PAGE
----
In a report that is likely to provoke further scrutiny of the tense relationship between the president and the late Senator John McCain – to put it mildly – the Washington Post reports that President Trump rejected issuing a statement that “praised the heroism and life of Sen. John McCain”, instead telling White House aides he preferred to issue a tweet before posting one Saturday night that did not include any praise for the late Arizona Republican.
According to the report, White House press secretary Sarah Huckabee Sanders, Chief of Staff John F. Kelly and other White House aides advocated for an official statement that gave the decorated Vietnam War POW plaudits for his military and Senate service and called him a “hero.” A statement to that purpose had been drafted before McCain died Saturday, and Sanders and others edited a final version this weekend that was ready for the president.
However, Trump told aides he wanted to post a brief tweet instead, and the statement praising McCain’s life was not released: “My deepest sympathies and respect go out to the family of Senator John McCain. Our hearts and prayers are with you!” Trump posted Saturday evening shortly after McCain’s death was announced.
My deepest sympathies and respect go out to the family of Senator John McCain. Our hearts and prayers are with you!
— Donald J. Trump (@realDonaldTrump) August 26, 2018
Instead, White House aides posted statements from officials other than the president praising McCain.
By Sunday afternoon, the vice president, secretary of state, homeland security secretary, defense secretary, national security adviser, White House press secretary, counselor to the president, education secretary, interior secretary and others had posted statements lauding the former 2008 Republican presidential nominee. Former presidents Barack Obama and George W. Bush issued glowing eulogies as well.
Other world leaders, including Canadian Prime Minister Justin Trudeau and French President Emmanuel Macron, also released similar statements.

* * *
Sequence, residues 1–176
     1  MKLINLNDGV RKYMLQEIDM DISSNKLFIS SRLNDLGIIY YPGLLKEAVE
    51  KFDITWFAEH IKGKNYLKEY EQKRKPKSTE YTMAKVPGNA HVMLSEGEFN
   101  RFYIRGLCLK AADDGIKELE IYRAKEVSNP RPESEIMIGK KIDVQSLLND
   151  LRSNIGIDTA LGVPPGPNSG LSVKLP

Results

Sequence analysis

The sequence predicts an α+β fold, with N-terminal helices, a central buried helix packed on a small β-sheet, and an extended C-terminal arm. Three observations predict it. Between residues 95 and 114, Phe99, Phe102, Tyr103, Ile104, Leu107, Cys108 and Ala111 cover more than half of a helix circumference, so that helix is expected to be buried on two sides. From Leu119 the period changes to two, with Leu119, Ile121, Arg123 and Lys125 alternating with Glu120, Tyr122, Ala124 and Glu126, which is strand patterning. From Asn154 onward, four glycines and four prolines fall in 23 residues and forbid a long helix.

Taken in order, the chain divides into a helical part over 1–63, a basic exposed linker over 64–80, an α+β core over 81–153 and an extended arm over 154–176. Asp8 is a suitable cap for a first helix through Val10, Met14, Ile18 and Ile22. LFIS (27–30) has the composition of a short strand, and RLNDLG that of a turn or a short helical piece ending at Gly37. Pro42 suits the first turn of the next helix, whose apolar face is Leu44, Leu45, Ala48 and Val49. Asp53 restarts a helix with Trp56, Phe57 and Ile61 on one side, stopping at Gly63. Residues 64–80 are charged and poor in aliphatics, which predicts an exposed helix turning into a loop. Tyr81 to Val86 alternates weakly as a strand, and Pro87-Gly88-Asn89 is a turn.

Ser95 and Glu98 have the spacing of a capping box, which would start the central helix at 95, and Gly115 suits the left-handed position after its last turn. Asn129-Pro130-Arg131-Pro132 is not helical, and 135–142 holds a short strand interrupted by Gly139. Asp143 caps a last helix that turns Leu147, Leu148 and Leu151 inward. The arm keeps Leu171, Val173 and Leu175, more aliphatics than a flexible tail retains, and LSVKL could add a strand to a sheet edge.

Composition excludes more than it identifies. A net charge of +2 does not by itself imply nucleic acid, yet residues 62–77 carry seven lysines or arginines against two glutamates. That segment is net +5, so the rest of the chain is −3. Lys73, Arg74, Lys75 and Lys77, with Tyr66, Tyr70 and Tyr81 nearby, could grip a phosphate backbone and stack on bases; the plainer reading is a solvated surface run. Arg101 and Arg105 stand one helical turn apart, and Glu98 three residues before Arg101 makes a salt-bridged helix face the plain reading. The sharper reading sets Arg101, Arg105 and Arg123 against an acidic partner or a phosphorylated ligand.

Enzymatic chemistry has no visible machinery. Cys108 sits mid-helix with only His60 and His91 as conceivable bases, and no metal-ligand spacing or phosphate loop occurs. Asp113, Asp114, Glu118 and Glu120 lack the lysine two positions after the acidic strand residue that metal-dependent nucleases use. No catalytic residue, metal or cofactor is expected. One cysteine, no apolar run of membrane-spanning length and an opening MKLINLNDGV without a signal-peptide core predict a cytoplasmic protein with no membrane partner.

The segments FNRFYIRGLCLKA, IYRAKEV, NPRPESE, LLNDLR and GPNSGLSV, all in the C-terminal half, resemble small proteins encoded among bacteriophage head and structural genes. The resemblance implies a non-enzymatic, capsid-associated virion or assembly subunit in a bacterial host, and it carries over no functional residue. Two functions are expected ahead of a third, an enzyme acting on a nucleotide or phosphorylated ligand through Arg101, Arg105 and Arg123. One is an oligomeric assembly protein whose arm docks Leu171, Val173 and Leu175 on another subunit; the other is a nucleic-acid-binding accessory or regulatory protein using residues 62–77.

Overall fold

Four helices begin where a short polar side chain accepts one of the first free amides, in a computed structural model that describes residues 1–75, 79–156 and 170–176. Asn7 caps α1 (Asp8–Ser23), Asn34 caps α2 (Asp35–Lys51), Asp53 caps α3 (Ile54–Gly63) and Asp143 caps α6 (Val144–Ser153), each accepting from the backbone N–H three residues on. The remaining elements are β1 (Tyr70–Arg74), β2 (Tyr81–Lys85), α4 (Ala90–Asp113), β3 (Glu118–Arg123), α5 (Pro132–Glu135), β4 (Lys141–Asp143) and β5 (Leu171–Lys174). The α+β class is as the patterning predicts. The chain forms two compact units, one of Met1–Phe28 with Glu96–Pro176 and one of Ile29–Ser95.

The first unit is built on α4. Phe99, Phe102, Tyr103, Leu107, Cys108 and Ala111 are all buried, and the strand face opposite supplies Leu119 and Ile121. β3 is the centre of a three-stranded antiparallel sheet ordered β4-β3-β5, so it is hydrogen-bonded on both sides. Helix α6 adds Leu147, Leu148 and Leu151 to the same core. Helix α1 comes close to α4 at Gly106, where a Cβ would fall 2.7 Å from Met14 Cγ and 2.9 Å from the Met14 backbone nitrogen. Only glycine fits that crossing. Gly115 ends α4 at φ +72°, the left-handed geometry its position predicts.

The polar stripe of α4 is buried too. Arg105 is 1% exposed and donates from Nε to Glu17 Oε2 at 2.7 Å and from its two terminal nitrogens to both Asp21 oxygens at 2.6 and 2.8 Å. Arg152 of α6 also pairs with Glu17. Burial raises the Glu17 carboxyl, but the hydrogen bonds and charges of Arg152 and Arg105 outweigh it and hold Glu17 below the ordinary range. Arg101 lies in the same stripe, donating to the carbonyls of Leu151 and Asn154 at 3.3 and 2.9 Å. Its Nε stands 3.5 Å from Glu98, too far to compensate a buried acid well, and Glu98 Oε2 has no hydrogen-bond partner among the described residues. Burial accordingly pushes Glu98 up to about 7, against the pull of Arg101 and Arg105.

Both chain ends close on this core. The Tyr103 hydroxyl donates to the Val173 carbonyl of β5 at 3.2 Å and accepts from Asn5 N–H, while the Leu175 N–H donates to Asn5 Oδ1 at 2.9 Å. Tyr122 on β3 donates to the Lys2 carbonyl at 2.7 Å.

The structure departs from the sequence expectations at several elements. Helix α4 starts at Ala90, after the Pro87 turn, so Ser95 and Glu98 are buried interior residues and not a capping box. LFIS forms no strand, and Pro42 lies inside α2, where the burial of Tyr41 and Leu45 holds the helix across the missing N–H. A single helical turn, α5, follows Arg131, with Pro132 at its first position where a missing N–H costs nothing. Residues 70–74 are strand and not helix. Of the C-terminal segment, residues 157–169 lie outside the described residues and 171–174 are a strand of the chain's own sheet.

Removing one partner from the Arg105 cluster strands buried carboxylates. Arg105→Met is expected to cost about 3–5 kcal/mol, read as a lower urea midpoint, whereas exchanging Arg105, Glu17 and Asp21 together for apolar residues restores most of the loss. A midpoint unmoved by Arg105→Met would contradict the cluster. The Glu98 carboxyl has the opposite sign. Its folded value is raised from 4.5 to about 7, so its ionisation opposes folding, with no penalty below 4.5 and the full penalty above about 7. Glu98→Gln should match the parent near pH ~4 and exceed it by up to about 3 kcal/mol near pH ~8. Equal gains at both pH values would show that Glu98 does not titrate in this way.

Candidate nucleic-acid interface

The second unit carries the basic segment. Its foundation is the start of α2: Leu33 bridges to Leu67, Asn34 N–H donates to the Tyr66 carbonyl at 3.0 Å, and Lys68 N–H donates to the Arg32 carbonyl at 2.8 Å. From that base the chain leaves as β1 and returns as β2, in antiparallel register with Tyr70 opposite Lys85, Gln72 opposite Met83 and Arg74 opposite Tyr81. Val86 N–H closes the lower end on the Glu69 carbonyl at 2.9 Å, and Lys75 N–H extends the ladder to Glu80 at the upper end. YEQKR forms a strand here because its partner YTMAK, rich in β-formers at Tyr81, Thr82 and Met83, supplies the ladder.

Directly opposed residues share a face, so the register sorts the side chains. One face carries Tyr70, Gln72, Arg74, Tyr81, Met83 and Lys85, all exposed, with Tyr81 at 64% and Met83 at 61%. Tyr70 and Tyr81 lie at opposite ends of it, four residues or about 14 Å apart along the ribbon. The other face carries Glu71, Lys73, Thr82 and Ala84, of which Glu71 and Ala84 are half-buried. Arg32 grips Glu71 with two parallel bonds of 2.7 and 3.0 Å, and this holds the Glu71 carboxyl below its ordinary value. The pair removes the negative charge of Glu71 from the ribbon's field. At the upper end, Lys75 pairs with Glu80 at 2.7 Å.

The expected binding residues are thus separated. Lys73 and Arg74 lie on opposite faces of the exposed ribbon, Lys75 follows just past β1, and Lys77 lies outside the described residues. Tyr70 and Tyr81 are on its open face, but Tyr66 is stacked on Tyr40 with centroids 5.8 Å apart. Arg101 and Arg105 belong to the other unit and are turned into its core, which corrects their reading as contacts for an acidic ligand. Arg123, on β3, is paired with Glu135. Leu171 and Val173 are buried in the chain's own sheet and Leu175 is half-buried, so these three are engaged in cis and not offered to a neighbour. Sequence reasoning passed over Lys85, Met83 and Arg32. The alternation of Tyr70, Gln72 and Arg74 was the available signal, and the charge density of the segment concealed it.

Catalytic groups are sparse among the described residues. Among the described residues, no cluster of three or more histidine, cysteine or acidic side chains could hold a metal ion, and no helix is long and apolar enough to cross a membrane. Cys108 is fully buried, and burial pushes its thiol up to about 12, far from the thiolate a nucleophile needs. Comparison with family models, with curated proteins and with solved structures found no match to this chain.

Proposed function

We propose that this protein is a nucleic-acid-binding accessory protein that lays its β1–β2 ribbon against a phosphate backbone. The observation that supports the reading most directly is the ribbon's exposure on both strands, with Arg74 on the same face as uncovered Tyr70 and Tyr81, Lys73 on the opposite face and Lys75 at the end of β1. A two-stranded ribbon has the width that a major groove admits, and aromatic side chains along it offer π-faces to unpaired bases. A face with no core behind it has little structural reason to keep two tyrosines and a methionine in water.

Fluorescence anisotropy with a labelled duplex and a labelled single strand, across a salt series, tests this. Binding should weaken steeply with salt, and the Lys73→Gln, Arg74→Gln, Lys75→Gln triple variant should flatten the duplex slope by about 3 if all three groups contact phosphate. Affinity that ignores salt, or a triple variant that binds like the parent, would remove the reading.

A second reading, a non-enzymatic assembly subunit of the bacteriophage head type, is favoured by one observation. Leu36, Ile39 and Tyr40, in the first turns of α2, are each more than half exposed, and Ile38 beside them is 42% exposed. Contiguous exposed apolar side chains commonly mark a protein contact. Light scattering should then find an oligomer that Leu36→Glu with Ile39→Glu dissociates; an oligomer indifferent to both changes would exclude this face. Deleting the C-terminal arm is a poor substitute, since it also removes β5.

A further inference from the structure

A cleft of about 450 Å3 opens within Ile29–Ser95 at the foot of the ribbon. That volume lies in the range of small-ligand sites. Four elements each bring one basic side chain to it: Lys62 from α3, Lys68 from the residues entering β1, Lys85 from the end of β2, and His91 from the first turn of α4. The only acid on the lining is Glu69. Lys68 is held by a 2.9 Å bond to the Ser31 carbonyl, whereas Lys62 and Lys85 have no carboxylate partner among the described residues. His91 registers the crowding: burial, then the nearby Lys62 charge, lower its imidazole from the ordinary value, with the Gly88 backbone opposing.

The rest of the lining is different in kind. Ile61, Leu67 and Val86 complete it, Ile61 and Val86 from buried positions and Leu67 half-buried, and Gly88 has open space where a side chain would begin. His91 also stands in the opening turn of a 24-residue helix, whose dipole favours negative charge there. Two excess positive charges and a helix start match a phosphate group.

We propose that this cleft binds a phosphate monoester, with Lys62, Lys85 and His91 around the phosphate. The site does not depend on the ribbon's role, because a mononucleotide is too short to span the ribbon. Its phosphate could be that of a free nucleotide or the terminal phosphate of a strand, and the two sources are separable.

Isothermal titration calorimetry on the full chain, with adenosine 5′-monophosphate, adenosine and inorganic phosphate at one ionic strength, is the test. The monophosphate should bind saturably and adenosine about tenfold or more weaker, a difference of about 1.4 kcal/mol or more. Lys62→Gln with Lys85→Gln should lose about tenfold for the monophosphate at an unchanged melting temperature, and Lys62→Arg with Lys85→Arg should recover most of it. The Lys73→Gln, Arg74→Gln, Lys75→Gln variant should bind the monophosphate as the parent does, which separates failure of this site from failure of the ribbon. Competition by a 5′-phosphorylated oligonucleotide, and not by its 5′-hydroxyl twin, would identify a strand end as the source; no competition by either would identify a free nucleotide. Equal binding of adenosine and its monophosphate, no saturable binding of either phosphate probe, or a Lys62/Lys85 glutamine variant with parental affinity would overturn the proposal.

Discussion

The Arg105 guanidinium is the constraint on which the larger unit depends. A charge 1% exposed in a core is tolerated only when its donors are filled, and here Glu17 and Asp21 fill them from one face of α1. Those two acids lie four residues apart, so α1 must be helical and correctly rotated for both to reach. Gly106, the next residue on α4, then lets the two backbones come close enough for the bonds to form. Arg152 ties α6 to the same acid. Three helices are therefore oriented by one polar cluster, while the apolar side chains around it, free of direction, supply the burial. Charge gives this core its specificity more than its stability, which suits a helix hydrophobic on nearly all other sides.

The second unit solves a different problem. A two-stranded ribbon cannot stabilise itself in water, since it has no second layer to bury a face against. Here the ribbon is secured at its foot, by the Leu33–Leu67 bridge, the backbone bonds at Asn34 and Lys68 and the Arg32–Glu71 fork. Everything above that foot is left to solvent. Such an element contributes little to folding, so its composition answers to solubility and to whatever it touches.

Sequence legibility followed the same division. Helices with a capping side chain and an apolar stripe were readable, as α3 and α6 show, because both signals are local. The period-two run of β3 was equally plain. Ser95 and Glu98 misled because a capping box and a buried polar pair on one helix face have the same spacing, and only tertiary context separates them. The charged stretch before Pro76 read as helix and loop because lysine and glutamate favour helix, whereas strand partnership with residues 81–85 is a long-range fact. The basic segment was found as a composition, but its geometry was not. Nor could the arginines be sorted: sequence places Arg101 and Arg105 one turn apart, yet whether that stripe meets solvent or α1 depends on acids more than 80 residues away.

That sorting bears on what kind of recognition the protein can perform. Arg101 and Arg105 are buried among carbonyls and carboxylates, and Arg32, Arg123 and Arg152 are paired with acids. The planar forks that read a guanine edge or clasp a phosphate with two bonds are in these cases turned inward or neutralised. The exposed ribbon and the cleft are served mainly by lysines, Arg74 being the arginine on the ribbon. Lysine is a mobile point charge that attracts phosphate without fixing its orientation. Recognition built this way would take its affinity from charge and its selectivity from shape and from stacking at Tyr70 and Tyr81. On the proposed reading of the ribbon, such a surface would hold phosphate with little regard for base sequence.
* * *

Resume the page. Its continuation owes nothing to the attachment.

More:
“John McCain was a true American hero. He devoted his entire life to his country. His voice will be missed. Our respectful thoughts go to his beloved ones,” Macron posted on Twitter.
Needless to say, Trump’s break with precedent from previous presidents “who have typically released effusive official statements for noteworthy Americans upon their death” confirmed that the bitter relationship between the two men, Trump’s continued anger toward McCain and the substantive and stylistic differences between them, lasted until the end.
Meanwhile, as the tributes poured in, Trump – who in 2015 said McCain was “not a war hero” – spent much of Sunday at his golf course in Virginia and did not utter a word publicly. He returned to the White House in the afternoon, where the flags were lowered to half-staff for the deceased senator.
Then came the criticism:
“It’s atrocious,” Mark Corallo, a former spokesman for Trump’s legal team and a longtime Republican strategist, said of Trump’s reaction to McCain’s death. “At a time like this, you would expect more of an American president when you’re talking about the passing of a true American hero.”
Other chimed in:
Mark Hertling, a former senior military commander who lauded McCain on Twitter for visiting Mosul during heavy fighting in Afghanistan, said he was not surprised by Trump’s reaction to McCain’s death. Nineteen months into his presidency, Trump has yet to visit any war zones where American troops are fighting.
“It was very shallow,” Hertling said of Trump’s response.
Trump, however, remained unmoved, and as the WaPo notes, Trump’s Twitter feed was silent Sunday other than reprising screeds against the investigation into Russian election interference and boasting about a buoyant economy.
“Fantastic numbers on consumer spending released on Friday!” Trump posted en route to the Virginia course Sunday morning. “Stock Market hits all time high!” Later Sunday, he accused the news media of giving Obama credit for his accomplishments, posting an excerpt of a weeks-old piece from the Washington Times.
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Author: Tyler Durden